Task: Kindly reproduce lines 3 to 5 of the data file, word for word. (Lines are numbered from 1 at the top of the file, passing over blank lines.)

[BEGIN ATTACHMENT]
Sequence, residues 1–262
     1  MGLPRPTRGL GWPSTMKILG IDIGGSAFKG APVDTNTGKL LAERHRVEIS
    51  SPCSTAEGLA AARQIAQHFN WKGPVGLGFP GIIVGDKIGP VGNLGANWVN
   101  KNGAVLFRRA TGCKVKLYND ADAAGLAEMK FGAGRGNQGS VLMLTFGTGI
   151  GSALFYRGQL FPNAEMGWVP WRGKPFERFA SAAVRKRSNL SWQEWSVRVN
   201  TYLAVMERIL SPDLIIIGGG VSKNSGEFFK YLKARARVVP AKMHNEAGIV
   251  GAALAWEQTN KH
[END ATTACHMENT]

    51  SPCSTAEGLA AARQIAQHFN WKGPVGLGFP GIIVGDKIGP VGNLGANWVN
   101  KNGAVLFRRA TGCKVKLYND ADAAGLAEMK FGAGRGNQGS VLMLTFGTGI
   151  GSALFYRGQL FPNAEMGWVP WRGKPFERFA SAAVRKRSNL SWQEWSVRVN